Liverpool have a habit of letting Academy youngsters learn on the job while not making many transfer moves, so should fans trust the process?


THERE are fewer things more exciting than having new lads to cheer for.

As long as they are of the requisite quality to play for Liverpool and improve upon what we already have, I think that is a sentiment we can pretty much all agree on.

I’ve left that open for interpretation, which can be dangerous based on recent evidence, so to be clear I don’t necessarily mean a new signing.

For me, and possibly less so for others which is fine, I get arguably more joy from seeing a lad from The Academy reach the requisite quality to play for Liverpool and help us improve upon what we already have.

I’m biased of course, I try to attend as many U23s and U18s games as I can get to over the course of a season, so I’m invested in these lads more than most. But — again, so long as they meet that requisite quality and improve upon what we already have — who better to bring in than a lad who’s come through the youth setup at the club?

There is an issue when we start to believe that they don’t meet that criteria yet are still getting game time though, and I think we’re all past the point of being able to convince each other to just trust the manager and his staff without passing comment.

However, none of us have the foresight of the coaches who work with these players every day and they get to see things we don’t see. We’ll still form our opinions and sit within them staunchly, as we’re entitled to do, but you can’t argue that they always know better than us.

Liverpool's manager Jürgen Klopp (C) with first-team development coach Pepijn Lijnders (L) and elite development coach Vitor Matos (R) during the pre-match warm-up before a pre-season friendly match between Liverpool FC and Athletic Club de Bilbao at Anfield

Luckily, when it comes to a player like Harvey Elliott, the feeling that he meets the requisite quality to play for Liverpool seems to be universal. The bone of contention in his case is whether he improves upon what we had, particularly with Gini Wijnaldum and Xherdan Shaqiri now departed.

I personally think Elliott has a higher ceiling than Shaqiri, and struggle to make a comparison between his role for The Reds and that of Wijnaldum to make a definite judgement on that, but I can see why people would worry in both cases.

Young players always feel like a bit less of a certainty, and even more so when they’ve come through The Academy. This is an issue across society in general, we’re mostly less inclined to trust the things that we can see with our own eyes and instead trust things we see or hear from others.

There’s likely few players in the world at Elliott’s age that could come in and do a job for Liverpool right now, but there’s an argument that Harvey himself still has a lot of growing to do before we can fully trust him to be a key fixture for us.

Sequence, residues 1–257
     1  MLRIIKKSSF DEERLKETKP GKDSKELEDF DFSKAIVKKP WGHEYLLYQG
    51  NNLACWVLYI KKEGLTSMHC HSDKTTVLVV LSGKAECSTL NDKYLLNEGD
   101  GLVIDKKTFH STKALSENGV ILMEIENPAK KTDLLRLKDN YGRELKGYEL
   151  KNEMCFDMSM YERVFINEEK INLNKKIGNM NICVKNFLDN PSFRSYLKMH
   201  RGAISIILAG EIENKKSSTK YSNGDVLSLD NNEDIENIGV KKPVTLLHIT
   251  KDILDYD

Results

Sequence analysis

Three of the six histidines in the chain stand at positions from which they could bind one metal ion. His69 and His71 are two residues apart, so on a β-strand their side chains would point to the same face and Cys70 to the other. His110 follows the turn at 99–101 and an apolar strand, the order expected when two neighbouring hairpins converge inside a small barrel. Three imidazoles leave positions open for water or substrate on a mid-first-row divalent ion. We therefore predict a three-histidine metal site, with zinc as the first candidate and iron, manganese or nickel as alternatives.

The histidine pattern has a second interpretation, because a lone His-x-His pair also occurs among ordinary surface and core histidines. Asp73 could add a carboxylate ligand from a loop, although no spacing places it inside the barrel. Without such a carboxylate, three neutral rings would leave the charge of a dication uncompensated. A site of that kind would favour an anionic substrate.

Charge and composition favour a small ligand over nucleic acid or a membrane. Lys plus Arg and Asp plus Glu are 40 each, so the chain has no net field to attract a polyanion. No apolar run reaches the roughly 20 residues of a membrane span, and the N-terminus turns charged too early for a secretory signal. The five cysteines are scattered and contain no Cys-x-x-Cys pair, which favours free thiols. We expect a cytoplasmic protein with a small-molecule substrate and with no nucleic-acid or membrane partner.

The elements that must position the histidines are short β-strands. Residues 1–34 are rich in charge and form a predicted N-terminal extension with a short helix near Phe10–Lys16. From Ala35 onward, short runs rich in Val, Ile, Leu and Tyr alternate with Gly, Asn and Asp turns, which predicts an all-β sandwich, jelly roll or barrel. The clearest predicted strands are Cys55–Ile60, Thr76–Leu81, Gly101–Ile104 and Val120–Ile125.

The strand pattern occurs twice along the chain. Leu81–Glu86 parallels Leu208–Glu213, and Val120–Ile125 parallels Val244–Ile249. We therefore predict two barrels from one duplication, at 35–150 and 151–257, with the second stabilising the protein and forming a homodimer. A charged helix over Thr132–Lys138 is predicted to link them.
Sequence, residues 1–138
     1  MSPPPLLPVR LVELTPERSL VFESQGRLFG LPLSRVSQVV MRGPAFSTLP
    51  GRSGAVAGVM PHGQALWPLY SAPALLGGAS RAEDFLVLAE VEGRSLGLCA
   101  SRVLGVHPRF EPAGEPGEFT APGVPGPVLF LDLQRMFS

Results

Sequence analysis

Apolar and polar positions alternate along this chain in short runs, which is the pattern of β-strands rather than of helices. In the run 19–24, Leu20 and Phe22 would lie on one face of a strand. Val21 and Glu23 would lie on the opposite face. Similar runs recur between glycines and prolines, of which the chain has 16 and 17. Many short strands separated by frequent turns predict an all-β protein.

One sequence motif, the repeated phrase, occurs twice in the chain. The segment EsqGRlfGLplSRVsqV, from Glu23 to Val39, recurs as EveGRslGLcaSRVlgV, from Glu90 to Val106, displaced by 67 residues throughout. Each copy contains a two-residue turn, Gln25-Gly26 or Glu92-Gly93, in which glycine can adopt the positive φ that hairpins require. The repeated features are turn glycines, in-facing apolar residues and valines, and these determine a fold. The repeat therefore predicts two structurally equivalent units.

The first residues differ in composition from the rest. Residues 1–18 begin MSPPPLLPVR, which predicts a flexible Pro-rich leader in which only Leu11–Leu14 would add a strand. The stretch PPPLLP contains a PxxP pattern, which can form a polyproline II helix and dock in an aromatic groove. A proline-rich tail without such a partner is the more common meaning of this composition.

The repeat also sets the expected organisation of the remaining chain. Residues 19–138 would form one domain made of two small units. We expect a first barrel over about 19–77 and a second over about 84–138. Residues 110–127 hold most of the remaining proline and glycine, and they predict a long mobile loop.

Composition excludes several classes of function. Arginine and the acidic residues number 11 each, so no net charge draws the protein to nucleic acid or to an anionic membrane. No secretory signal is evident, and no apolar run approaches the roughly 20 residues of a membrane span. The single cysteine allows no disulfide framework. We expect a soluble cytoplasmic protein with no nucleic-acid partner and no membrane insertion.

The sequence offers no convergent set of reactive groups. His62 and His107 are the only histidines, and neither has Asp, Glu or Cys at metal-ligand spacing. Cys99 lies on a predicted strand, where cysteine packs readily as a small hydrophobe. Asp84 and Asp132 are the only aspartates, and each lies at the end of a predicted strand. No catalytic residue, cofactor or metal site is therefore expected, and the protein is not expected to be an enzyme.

So how do we let that happen when it’s not on our watch while still allowing him access to the world-class facilities and resources that this club can offer to its players to aid their development? Well, the answer is that we can’t.

We recorded a One For The Future show today which looks at Liverpool’s Academy, but specifically how the club are utilising the loan system. We (the panel) settled on the idea that the club uses loans in different ways to do different jobs for different players. It’s not exactly revolutionary but it’s worth delving into.

Interesting then that the youngsters that have forced their way into Jurgen Klopp’s plans have actually been fast tracked through The Academy setup, as opposed to being sent out on multiple loans to grow and perfect their craft at senior level.

Liverpool's manager Jürgen Klopp embraces Harvey Elliott after the FA Premier League match between Liverpool FC and Burnley FC at Anfield

Elliott may just break that mould to an extent, given his loan at Blackburn Rovers last season, but there’s still very few examples of lads who’ve been out on multiple loan spells and made it into Liverpool’s first team in recent times — especially compared to other top clubs in England.

Clearly the club values its own developmental strategy and gives its youngsters enough chances at senior level to be able to avoid loaning them out. Is that the right strategy? It’s hard to say really, but it’s given us Trent Alexander-Arnold, Curtis Jones, Neco Williams and Caoimhin Kelleher so far. That’s a great return, no matter what you think of each player.

So do we need to just trust the process a bit more? As I mentioned before, I feel like we’re past the point of being able to convince each other to put up and shut up. We’re all far too different to stick to that religiously as a collective.

One thing we can, and do, all do religiously is believe in Klopp and trust that he’s the best man for the job. That is good enough for me and therefore I struggle to argue that any of the youngsters getting first team minutes don’t belong there, so long as he believes they do.

The Liverpool Way is being drummed into these lads from a very young age, and we all want a team that plays The Liverpool Way.

So long as they win the championship in May.

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